MORE garden grabbing will ruin our community and lead to overcrowding.
That was the angry message from residents who have launched a fight to stop gardens being concreted over to make way for houses.
Plans have gone before Havant Borough Council to build four detached chalet-style bungalows in gardens at the back of Frogmore Lane, Lovedean.
Several gardens in Lovedean, as well as across the Havant borough and East Hampshire, have been developed in recent years, but government planning policy now generally discourages back garden development unless it is sustainable.
Residents in nearby Yoells Crescent are determined to stop the latest plan after successfully thwarting a similar bid for homes on the same land four years ago.
Developers appealed to the government after the council refused the first plan, but it was dismissed.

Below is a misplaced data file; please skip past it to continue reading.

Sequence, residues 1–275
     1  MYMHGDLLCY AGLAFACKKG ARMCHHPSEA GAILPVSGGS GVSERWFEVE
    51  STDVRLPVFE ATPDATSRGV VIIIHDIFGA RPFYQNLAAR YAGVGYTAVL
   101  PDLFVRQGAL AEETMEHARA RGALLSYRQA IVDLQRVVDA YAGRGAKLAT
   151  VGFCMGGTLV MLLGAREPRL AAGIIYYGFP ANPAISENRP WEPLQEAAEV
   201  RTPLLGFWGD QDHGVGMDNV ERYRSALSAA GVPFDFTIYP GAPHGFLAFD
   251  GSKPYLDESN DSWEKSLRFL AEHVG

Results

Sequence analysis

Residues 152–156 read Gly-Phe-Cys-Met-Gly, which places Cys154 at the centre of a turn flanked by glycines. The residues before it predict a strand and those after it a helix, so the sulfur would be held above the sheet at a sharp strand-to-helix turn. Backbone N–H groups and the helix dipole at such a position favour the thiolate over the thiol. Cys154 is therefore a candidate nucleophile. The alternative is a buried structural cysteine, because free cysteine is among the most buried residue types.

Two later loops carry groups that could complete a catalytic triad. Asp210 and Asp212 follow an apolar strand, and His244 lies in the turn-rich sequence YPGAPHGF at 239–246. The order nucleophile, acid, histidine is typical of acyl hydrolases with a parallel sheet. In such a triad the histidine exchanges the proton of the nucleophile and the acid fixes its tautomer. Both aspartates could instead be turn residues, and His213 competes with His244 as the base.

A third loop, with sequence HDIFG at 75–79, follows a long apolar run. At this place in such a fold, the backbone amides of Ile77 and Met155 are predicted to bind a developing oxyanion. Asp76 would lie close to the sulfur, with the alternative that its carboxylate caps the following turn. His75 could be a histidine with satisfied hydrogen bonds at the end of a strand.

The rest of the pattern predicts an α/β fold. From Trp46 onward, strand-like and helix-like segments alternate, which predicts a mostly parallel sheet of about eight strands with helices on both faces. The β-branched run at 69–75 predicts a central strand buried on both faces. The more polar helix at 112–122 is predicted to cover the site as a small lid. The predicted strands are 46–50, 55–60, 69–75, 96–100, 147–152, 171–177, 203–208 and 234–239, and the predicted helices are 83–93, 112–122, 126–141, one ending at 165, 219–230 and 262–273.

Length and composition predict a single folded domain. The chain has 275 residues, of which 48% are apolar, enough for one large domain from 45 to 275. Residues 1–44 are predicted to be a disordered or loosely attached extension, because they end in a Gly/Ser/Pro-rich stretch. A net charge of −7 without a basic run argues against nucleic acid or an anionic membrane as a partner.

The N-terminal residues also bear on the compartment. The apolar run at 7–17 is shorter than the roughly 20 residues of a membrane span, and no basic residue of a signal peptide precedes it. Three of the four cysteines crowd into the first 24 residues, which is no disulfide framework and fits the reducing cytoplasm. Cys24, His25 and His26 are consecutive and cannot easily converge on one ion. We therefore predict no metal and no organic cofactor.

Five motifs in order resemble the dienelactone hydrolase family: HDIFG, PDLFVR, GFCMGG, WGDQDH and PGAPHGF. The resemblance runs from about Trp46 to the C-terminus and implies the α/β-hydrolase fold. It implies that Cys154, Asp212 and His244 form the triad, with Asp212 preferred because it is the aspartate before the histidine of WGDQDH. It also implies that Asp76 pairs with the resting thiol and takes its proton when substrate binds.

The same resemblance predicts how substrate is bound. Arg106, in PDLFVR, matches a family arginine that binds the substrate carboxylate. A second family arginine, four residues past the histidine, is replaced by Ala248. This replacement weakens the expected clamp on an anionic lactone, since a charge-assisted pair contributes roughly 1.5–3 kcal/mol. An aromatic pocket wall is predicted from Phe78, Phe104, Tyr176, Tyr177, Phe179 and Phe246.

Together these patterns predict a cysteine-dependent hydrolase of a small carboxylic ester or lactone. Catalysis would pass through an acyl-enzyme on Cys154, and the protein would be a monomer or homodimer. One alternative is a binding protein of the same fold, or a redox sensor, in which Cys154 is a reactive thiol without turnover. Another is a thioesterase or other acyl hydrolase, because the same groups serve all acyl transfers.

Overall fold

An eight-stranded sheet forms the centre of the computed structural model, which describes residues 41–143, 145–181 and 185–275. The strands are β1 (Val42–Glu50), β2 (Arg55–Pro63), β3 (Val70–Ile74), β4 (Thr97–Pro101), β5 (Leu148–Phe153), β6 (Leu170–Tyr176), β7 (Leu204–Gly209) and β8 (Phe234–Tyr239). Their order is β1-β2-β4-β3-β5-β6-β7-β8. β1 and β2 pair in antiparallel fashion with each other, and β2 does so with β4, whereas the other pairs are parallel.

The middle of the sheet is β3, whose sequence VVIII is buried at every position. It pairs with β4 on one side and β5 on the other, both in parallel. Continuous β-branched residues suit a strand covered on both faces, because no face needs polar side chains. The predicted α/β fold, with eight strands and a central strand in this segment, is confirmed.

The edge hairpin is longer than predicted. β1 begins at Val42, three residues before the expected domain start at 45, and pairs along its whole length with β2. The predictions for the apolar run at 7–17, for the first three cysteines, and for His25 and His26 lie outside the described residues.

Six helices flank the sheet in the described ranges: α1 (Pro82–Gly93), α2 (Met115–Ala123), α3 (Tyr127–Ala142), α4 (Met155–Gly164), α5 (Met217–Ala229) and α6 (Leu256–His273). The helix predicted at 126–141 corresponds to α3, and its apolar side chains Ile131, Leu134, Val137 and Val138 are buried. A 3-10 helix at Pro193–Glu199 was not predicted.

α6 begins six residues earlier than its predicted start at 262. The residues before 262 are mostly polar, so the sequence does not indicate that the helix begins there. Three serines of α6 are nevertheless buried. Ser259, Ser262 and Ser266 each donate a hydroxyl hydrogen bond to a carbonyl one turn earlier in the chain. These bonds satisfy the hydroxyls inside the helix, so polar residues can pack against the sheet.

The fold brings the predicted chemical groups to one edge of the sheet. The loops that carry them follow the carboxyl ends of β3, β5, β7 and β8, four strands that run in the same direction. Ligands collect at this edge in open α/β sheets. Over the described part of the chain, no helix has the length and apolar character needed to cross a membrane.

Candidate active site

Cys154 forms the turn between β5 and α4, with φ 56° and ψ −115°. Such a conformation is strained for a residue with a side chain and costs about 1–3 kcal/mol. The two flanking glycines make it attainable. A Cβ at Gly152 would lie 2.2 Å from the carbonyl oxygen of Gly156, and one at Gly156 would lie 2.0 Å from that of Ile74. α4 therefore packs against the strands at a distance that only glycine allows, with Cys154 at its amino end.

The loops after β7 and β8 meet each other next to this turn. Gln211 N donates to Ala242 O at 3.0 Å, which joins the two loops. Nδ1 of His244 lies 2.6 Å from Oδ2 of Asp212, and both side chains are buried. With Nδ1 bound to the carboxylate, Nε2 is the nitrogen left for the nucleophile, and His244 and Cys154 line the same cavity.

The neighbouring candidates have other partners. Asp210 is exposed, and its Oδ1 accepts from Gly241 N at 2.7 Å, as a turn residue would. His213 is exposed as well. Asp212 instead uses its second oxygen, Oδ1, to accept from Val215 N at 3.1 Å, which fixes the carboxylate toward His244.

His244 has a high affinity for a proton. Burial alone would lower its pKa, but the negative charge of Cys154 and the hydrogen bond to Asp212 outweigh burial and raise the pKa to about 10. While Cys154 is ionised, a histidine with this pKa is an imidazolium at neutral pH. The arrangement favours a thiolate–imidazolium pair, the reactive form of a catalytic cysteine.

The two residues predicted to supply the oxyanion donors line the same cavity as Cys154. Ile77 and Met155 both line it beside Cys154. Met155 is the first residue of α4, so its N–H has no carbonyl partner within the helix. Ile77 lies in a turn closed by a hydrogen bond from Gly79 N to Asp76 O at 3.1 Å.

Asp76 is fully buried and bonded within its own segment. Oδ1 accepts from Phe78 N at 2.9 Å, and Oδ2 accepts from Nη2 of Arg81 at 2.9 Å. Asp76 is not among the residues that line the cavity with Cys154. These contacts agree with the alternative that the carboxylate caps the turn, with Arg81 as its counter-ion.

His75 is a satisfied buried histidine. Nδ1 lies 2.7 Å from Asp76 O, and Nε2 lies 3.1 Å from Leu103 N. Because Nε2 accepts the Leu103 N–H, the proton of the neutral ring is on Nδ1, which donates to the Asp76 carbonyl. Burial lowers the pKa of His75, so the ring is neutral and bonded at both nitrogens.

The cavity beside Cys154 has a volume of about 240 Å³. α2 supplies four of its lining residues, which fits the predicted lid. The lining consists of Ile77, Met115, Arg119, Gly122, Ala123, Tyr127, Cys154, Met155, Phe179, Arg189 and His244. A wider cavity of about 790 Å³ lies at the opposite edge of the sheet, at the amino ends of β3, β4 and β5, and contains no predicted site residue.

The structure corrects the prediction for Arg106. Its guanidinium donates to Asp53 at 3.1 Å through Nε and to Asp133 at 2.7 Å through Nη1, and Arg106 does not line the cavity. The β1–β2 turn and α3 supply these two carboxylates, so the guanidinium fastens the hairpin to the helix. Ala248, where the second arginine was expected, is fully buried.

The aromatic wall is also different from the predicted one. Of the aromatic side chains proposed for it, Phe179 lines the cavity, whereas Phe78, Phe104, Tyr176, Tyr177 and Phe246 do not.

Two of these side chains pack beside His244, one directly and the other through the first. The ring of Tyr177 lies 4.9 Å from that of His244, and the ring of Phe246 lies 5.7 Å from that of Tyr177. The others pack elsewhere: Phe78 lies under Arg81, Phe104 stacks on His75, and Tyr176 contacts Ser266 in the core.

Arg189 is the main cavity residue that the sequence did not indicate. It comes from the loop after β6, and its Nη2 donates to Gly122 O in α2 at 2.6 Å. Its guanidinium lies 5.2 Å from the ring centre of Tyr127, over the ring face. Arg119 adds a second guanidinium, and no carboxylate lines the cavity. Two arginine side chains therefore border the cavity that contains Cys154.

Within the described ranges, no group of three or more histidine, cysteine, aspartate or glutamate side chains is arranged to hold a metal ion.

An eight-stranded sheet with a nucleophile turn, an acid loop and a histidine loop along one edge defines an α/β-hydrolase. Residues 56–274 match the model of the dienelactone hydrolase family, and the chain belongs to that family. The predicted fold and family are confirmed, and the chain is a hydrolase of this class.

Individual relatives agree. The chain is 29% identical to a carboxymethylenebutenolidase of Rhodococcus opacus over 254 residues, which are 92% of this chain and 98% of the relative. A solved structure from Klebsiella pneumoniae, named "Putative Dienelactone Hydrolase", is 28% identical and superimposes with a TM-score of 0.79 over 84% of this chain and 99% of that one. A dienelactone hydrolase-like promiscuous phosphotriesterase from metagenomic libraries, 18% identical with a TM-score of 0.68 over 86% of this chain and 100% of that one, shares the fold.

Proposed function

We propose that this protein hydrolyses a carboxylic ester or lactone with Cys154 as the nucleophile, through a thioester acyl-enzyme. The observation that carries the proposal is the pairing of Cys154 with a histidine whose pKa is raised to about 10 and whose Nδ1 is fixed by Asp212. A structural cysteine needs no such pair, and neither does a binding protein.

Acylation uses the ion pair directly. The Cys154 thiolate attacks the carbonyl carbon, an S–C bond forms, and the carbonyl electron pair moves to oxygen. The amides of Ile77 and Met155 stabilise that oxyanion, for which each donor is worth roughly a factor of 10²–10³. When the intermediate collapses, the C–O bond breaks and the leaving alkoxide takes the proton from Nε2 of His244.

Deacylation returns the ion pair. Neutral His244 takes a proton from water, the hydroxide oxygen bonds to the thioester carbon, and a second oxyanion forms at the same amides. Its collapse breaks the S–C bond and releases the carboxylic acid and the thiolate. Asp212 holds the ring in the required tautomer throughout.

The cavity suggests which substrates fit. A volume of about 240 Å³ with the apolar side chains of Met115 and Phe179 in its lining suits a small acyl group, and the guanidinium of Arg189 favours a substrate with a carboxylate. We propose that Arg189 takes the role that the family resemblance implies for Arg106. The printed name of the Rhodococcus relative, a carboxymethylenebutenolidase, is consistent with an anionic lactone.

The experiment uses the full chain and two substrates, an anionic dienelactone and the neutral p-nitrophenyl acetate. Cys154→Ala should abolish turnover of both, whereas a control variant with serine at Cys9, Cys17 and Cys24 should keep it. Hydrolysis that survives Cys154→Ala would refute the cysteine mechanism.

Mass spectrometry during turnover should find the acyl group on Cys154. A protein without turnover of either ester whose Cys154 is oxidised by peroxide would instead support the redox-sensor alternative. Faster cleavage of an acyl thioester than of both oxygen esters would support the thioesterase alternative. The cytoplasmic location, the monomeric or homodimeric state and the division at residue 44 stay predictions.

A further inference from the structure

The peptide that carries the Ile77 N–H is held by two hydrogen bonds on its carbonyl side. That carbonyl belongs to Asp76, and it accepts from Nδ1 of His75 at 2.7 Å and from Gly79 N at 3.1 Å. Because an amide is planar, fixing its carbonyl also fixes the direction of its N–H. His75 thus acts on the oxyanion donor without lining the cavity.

Helen Grier, 63, of Yoells Crescent, said: ‘We came home one night and all the trees had been felled.
‘It’s overcrowding but it’s also an invasion of people’s privacy.’
Jo Parker, 42, a mum-of-three of Yoells Crescent, said: ‘We moved here because it was quiet and private with kids in the garden.
‘But if we have houses right behind us there’s going to be the noise at all different times of the day and lack of privacy.’
About gardens being built on, she said: ‘It’s getting out of control.
‘They seem to be building everywhere. I have lived in this area for nearly 30 years and you don’t recognise it any more. I understand they have to build some property – but within reason.’
Sadie Bolzon, 38, of Yoells Crescent, was worried the development would set a precedent if approved.
She said: ‘Houses need to be built, but there’s a right way and a wrong way of doing it.’
The proposed homes would extend a development called Willowside that has already been built further down Frogmore Lane on land that was once people’s gardens.
A planning report on behalf of Driftstone Developments Ltd states: ‘Development of this site in the manner proposed would achieve more efficient use of this
underused, sustainable urban land without causing demonstrable harm to the character or appearance of the locality or the amenity of neighbours. It would play a modest yet valued part in the provision of family dwellings.’
Comments to the council must be received by March 31.